Following significant setbacks from the Supreme Court, President Joe Biden is determined to give the voters the ultimate decision-making power regarding his policies.
When his ambition to cancel or lessen federal student loan debts for millions was effectively quashed by the court’s conservative majority, Biden stated, “Republicans took away the hope that was offered.” After the justices abolished race-based affirmative action in college admissions, he remarked, “This isn’t an ordinary court.” When Roe v. Wade and a nationwide abortion right were reversed last year, Biden declared, “Voters need to voice their opinions.”
As he gears up for the 2024 election, Biden’s opposition includes not only the Republicans controlling half of Congress but also the conservative faction that holds sway in the nation’s highest court. This is a subtle yet important pivot in his stance towards the Supreme Court, treating it more as a political entity, albeit stopping short of suggesting a complete revamp.
This change is noticeable in everything from the administration’s communications to its legal tactics.
“While the president honors the court’s authority, if its decisions are to be political, and there are court members asserting so, he is obliged to clarify his stances and the steps he’s taking to address this,” stated Ron Klain, his former chief of staff.
“Numerous members of the current court testified that Roe is settled law yet still reversed it,” he added, referring to the court’s abortion ruling. “This has repercussions.”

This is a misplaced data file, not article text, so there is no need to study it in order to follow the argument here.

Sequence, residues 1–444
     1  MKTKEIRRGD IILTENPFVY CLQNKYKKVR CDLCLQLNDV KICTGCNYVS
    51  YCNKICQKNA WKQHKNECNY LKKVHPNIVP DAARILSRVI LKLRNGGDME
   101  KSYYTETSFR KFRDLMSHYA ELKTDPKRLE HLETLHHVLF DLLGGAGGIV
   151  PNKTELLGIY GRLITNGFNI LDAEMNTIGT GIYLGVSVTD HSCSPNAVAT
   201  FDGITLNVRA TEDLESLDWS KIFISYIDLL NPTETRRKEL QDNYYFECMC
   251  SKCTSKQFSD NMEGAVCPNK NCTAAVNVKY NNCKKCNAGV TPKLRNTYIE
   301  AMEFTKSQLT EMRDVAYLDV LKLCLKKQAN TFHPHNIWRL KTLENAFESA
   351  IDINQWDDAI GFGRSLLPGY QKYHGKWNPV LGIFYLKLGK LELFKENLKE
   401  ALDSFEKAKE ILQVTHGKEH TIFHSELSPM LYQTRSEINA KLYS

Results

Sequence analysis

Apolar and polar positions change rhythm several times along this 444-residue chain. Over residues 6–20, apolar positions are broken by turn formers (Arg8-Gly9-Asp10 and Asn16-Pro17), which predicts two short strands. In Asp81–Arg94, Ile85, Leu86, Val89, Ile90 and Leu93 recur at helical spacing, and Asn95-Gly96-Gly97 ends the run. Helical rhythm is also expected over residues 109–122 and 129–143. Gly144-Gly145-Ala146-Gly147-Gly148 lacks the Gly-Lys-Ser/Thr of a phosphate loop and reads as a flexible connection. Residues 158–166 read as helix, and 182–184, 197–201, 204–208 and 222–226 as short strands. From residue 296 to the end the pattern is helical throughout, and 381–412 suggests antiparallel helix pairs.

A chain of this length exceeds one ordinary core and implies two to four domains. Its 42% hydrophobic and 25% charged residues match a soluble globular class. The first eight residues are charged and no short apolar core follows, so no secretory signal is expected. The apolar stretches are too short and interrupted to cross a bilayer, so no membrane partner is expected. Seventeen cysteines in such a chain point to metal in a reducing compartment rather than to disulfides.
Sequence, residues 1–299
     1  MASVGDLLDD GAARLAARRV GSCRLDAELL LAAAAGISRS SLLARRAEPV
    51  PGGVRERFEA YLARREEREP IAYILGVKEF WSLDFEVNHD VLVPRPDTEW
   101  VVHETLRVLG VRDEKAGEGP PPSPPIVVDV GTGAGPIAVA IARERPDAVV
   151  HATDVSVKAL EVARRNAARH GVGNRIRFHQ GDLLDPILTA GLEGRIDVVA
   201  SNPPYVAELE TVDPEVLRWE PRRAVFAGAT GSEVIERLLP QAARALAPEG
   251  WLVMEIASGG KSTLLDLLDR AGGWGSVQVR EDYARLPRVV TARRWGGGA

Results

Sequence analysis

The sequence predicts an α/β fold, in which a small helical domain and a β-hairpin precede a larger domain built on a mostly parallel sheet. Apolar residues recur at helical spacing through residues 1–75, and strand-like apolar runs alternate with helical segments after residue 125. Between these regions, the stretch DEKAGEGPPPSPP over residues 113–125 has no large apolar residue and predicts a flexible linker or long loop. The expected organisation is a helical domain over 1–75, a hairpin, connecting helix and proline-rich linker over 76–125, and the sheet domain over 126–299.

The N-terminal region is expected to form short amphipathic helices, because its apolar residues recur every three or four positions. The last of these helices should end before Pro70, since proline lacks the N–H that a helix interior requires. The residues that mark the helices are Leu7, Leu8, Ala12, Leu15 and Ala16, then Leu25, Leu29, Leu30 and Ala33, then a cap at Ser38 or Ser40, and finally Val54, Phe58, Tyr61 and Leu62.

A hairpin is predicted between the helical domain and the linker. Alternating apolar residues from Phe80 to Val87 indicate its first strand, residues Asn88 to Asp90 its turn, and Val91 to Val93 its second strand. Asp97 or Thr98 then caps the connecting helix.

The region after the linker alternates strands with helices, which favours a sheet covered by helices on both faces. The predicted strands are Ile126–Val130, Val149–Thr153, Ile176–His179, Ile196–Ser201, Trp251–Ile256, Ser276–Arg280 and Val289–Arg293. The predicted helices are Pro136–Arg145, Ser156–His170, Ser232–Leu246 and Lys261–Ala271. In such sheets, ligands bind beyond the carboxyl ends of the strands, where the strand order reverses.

Biden, former leader of the Senate Judiciary Committee, is placing emphasis on the court’s politicization as a strategy to rally voter support. Yet, he has steered clear of endorsing any radical changes to the court.
Rather, Biden is becoming increasingly outspoken about his perception that the court is veering away from mainstream constitutional interpretation. He urges voters that more Democratic representation in Congress and a Democratic presidency are needed to counterbalance the effects of a conservative-skewed court.
While Biden has seen victories, including on immigration, before a court where conservatives outnumber liberals 6-3, the setback on student loans capped a term marked by substantial hurdles placed by the justices.
White House insiders reveal that Biden is eager to explore alternative avenues to advance his key priorities and communicate to the American public about the challenges he’s facing.
“There’s a clear advantage in opposing the court as an institution since the court is passing decisions that are majorly unpopular and are hindering the president from implementing his agenda,” stated Chris Kang, chief counsel of the progressive group Demand Justice and a former deputy counsel to President Barack Obama.
“It’s crucial to highlight that the Supreme Court is making it exceedingly difficult to promote and enact policies that shouldn’t be controversial at all,” he added.
Republicans are aiming to paint Biden as overstepping his legal boundaries in his pursuit of his agenda. They argue that the Supreme Court’s rulings align with a significant portion of the country and are endeavoring to galvanize their own voter base by emphasizing the achievements made via court decisions.
At the recent Faith and Freedom Coalition conference in Washington, former President Donald Trump commended the three justices he nominated to the Supreme Court. “Exactly a year ago, those justices were the decisive votes in the Supreme Court’s groundbreaking decision to end the constitutional aberration known as Roe v. Wade,” Trump stated.
His comment that “conservatives had been attempting for 50 years,” to reverse the ruling, and that he was the one who “got it done when no one thought it was possible” was met with a standing ovation.